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Testosterone implants are medical implants that release a steady supply of testosterone to boost levels of this hormone in patients with testosterone deficiencies. A doctor will place an implant in the patient's fatty tissue and will take a followup blood test to make sure the implant is working and to check on hormone levels. Periodic testing is necessary to see if the implant is still functional and to check for excessive testosterone, which can potentially cause health and behavioral problems.
There are a number of settings when health care providers may recommend testosterone implants. Men with low levels of this hormone can experience osteoporosis, low sex drive, and other symptoms. Supplementing with testosterone to correct the imbalance may resolve these issues. Men with breast or prostate cancer are not good candidates for implants, as the increased hormone levels can cause the cancer to grow more quickly and be more aggressive.
While this hormone is associated with men by many members of the public because it is among the androgens, or hormones involved in male sexual development, it can also be useful for women. Some women in menopause need testosterone implants to make up for inadequate hormone production, as women produce and use this hormone too. Implants can offer an unobtrusive way to provide a consistent dose of testosterone to a patient in menopause who needs hormone supplementation. She will also take other hormones like estrogen.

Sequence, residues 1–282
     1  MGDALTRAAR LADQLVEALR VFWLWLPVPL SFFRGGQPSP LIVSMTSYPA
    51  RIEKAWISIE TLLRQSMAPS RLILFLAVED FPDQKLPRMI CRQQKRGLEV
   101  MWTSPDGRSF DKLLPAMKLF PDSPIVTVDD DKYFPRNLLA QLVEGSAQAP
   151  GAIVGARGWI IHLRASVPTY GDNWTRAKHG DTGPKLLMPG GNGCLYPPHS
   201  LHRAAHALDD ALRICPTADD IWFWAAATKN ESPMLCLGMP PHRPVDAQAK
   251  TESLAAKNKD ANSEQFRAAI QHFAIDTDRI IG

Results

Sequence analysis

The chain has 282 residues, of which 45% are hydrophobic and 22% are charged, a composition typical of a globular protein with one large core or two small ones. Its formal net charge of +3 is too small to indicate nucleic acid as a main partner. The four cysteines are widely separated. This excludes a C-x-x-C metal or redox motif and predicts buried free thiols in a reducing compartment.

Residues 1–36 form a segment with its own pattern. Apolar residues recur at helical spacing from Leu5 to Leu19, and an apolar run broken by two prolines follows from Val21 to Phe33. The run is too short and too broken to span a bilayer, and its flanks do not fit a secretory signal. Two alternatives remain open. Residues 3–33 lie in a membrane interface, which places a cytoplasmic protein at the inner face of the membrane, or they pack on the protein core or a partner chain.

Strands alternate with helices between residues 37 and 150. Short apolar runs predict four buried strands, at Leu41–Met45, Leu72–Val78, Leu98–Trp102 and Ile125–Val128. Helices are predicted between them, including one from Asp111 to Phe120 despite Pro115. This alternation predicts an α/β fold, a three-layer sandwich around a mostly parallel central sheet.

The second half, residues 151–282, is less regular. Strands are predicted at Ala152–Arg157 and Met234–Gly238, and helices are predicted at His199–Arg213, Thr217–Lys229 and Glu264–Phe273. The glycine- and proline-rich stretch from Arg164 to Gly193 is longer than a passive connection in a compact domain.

Transsexual men may also opt for testosterone implants to provide their hormone replacement therapy. The steady supply of hormones from an implant may be preferable to taking testosterone in other formats, especially for men who are concerned about remembering to take their medications on time. They will need hormone replacement for life because their bodies cannot produce enough of it on their own, and an implant can be an excellent long term solution.
Before a doctor can prescribe testosterone implants, she will need to evaluate the patient thoroughly to make sure there are no contraindications. This will include diagnostic testing to determine why levels of the hormone are inadequate and to establish a baseline to use as a reference in future tests. Patients who are pregnant, breastfeeding, or undergoing cancer treatment must wait for implants. The doctor may also have concerns on the basis of other medications the patient takes, medical history, and family history of diseases. If hormone levels rise too high while on the implant, it may be necessary to remove it.
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